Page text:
Ports and Voyages

Identifying maritime supply chains and supporting risk assessment

fishing vessels in port

All catch must be landed before entering seafood markets, making port facilities critical hubs in global supply chains. Ports are also where most monitoring and inspection takes place, and such monitoring is one of the key ways to address global challenges ranging from forced labor and human trafficking to invasive species to illegal, unreported, and unregulated fishing. By identifying the ports that vessels visit—and their activities during the intervening voyages—we provide unprecedented insight into maritime supply chains and support efforts to assess risk of illegal or unsustainable activity.

Gaps in data

Globally there are few open-access ports databases and those that do exist often prioritize large commercial cargo ports over facilities that might be more frequently visited by smaller vessels, such as fishing vessels. To map the global movement of all vessels, a new open-source dataset of ports and voyages is needed.

Mapping vessel anchorages

Using our global feed of automatic identification system (AIS) data, Global Fishing Watch analyzes where all AIS-carrying vessels anchor. By automating the labeling and clustering of these anchorages, we are able to generate a global dataset of vessel voyages, pinpointing each time a vessel using AIS has entered or exited a port since 2012. Available to everyone with a computer at no cost, this information can quantify port usage and shifts in usage at the vessel level. We can identify networks of interrelated vessels and ports, and produce voyage-level historical reports of a vessel’s activity at sea, then provide those reports to port authorities to inform their decision making.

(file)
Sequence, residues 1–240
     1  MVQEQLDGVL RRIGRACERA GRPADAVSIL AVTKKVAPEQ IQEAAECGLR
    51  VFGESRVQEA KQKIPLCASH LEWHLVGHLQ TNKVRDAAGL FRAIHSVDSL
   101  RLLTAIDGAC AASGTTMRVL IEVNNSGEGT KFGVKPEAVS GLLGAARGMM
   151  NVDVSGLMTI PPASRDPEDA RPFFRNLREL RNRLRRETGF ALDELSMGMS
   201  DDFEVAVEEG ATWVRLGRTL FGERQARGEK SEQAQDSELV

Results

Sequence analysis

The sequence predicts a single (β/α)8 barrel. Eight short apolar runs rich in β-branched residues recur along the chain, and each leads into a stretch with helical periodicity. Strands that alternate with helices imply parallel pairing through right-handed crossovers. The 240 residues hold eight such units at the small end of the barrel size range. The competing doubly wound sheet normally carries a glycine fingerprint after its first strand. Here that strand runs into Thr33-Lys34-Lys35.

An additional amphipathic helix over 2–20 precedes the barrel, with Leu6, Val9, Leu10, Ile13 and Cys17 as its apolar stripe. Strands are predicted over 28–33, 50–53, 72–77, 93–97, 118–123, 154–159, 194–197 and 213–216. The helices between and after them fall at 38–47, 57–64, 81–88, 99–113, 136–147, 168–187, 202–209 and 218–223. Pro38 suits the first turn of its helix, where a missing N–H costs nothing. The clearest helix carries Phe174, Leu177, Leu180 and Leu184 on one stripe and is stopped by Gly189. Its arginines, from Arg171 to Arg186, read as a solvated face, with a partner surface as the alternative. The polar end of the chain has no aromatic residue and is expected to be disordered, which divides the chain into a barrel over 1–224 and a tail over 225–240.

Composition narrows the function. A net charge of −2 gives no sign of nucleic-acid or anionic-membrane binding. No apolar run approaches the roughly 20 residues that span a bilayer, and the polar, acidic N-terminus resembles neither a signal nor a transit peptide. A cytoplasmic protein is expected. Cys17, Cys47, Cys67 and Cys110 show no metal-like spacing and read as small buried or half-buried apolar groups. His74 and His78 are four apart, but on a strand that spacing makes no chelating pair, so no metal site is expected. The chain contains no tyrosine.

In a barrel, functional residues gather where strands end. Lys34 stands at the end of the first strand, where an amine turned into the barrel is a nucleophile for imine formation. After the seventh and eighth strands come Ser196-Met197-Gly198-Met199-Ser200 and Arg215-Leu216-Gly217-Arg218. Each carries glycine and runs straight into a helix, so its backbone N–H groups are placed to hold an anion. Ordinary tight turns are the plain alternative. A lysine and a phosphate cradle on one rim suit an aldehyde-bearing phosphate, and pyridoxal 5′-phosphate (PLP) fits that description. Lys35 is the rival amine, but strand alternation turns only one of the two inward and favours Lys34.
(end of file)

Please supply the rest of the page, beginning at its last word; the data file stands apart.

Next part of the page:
Recent Work

Satellite Data Casts Light on Seamounts at Risk

Emerging tools and datasets help quantify fishing pressure and can inform management at remote, unmonitored seamounts Seamounts—large underwater mountains— hold vital biological diversity, but they also contend with heavy exploitation. Numbering in the tens of

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